Artificial IntelligenceCryptocurrencyMetaverseCybersecurityTech Forward

The strange tale of Jeff Bezos’s $16,840 parking ticket bill

February 7, 2020, 6:19 PM UTC
Jeff Bezos-parking tickets
Jeff Bezos, founder of Amazon and Blue Origin speaks during the JFK Space Summit, celebrating the 50th anniversary of the moon landing, at the John F. Kennedy Library in Boston, Massachusetts, U.S., June 19, 2019. REUTERS/Katherine Taylor
Katherine Taylor—Reuters

No one’s entirely sure why Jeff Bezos sold $1.8 billion of Amazon stock in the past week, but we’ve got a new theory: Parking tickets.

The world’s richest man is renovating a former textile museum into a home in a Washington D.C. neighborhood. And WUSA, a CBS affiliate in the city, notes that police have written $16,840 in tickets on the block his house is located on since work on the project began.

That’s a total of 564 tickets (all of which, it’s worth noting, have been paid off). Nintey-three of those were given in April 2018.

Workers (we’re assuming it was workers and not Bezos himself) apparently routinely ignored “No Parking” signs and parked in spaces reserved for residents as they worked on the house. (Contractors were required to sign non-disclosure agreements, so it’s impossible to weed out which of the tickets were not tied to the renovation.)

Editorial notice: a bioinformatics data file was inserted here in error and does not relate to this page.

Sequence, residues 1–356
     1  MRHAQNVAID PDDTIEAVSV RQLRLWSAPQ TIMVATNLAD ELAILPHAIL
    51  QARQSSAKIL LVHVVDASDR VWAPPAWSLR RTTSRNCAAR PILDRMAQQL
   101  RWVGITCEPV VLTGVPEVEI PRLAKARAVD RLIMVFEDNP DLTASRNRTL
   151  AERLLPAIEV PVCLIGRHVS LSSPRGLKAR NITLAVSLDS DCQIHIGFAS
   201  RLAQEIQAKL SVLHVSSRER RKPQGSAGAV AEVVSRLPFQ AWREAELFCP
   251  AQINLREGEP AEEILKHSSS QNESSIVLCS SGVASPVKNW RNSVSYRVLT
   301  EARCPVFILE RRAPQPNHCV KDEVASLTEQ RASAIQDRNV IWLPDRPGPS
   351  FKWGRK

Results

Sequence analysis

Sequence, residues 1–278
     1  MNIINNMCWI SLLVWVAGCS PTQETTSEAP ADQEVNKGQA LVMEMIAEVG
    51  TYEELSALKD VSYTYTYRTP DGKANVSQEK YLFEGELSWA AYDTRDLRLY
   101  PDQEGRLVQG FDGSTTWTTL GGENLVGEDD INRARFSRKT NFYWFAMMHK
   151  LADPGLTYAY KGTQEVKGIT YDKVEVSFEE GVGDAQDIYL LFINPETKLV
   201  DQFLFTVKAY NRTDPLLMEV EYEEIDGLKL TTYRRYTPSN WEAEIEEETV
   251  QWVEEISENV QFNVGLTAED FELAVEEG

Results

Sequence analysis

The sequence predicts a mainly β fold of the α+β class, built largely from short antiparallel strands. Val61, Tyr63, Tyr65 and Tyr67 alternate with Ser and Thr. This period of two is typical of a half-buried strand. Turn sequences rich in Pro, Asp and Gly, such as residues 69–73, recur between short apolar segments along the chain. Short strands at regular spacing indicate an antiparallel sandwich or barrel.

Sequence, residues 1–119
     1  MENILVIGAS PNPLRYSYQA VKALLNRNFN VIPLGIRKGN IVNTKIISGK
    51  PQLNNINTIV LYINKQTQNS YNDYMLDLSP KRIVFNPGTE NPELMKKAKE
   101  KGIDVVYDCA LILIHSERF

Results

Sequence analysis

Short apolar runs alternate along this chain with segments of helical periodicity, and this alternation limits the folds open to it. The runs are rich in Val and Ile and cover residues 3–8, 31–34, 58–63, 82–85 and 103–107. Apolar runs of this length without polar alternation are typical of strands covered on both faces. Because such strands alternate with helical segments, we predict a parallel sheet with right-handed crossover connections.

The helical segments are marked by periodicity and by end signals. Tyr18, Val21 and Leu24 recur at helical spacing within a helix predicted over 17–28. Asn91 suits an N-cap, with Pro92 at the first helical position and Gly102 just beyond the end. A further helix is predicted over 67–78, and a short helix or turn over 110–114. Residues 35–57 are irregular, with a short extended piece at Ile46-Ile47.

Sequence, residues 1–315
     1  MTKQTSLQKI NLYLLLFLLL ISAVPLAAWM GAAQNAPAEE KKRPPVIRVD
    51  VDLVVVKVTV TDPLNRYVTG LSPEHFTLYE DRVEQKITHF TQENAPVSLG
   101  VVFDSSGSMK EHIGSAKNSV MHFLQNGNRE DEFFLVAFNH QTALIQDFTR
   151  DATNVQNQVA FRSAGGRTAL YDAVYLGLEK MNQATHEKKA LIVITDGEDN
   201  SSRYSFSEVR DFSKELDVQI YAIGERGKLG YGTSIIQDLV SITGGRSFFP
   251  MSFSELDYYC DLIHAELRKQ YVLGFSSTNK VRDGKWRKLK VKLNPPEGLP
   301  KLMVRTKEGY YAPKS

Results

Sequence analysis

Bezos is converting the 34,000 square foot former factory into a mansion that includes 11 bedrooms, a ballroom, a wine cellar, a whiskey tasting room, and a movie theater, according to blue prints and permits filed with local government. He paid $26 million for the building in 2016 and has spent a reported $12 million to renovate it.

Bezos’s neighbors in the Kalorama neighborhood will include Barack and Michelle Obama and Ivanka Trump and Jared Kushner.

More must-read stories from Fortune:

Why China is still so susceptible to disease outbreaks
The rich own stocks, the middle class own homes. How betting it all on real estate is a wealth gap problem
—Bakkt aims to turn your rewards points into a wallet you can spend anywhere
—Stock scammers are using the coronavirus outbreak to dupe investors, SEC warns
—WATCH: Why CEOs are pessimistic about 2020 business outlook

Subscribe to Fortune’s Bull Sheet for no-nonsense finance news and analysis daily.